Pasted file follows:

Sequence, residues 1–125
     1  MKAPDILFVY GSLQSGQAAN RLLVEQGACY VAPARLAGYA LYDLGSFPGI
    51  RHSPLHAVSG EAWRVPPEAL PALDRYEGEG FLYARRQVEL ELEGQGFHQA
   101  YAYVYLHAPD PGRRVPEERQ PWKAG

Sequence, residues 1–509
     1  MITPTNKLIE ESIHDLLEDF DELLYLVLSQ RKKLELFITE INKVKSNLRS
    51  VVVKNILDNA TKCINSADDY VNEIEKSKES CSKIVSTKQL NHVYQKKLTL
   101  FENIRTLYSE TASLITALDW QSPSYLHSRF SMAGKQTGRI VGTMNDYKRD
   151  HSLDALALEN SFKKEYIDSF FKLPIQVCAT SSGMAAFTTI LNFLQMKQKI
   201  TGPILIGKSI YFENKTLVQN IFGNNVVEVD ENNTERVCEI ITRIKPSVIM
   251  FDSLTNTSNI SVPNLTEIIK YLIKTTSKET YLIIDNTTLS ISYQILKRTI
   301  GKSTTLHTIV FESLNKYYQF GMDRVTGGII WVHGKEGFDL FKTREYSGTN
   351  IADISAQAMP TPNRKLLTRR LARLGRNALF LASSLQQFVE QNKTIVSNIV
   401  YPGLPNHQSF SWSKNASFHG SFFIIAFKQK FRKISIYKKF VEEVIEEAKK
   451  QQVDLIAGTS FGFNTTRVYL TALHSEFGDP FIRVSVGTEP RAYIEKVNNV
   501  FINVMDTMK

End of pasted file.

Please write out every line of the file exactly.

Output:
Sequence, residues 1–125
     1  MKAPDILFVY GSLQSGQAAN RLLVEQGACY VAPARLAGYA LYDLGSFPGI
    51  RHSPLHAVSG EAWRVPPEAL PALDRYEGEG FLYARRQVEL ELEGQGFHQA
   101  YAYVYLHAPD PGRRVPEERQ PWKAG

Sequence, residues 1–509
     1  MITPTNKLIE ESIHDLLEDF DELLYLVLSQ RKKLELFITE INKVKSNLRS
    51  VVVKNILDNA TKCINSADDY VNEIEKSKES CSKIVSTKQL NHVYQKKLTL
   101  FENIRTLYSE TASLITALDW QSPSYLHSRF SMAGKQTGRI VGTMNDYKRD
   151  HSLDALALEN SFKKEYIDSF FKLPIQVCAT SSGMAAFTTI LNFLQMKQKI
   201  TGPILIGKSI YFENKTLVQN IFGNNVVEVD ENNTERVCEI ITRIKPSVIM
   251  FDSLTNTSNI SVPNLTEIIK YLIKTTSKET YLIIDNTTLS ISYQILKRTI
   301  GKSTTLHTIV FESLNKYYQF GMDRVTGGII WVHGKEGFDL FKTREYSGTN
   351  IADISAQAMP TPNRKLLTRR LARLGRNALF LASSLQQFVE QNKTIVSNIV
   401  YPGLPNHQSF SWSKNASFHG SFFIIAFKQK FRKISIYKKF VEEVIEEAKK
   451  QQVDLIAGTS FGFNTTRVYL TALHSEFGDP FIRVSVGTEP RAYIEKVNNV
   501  FINVMDTMK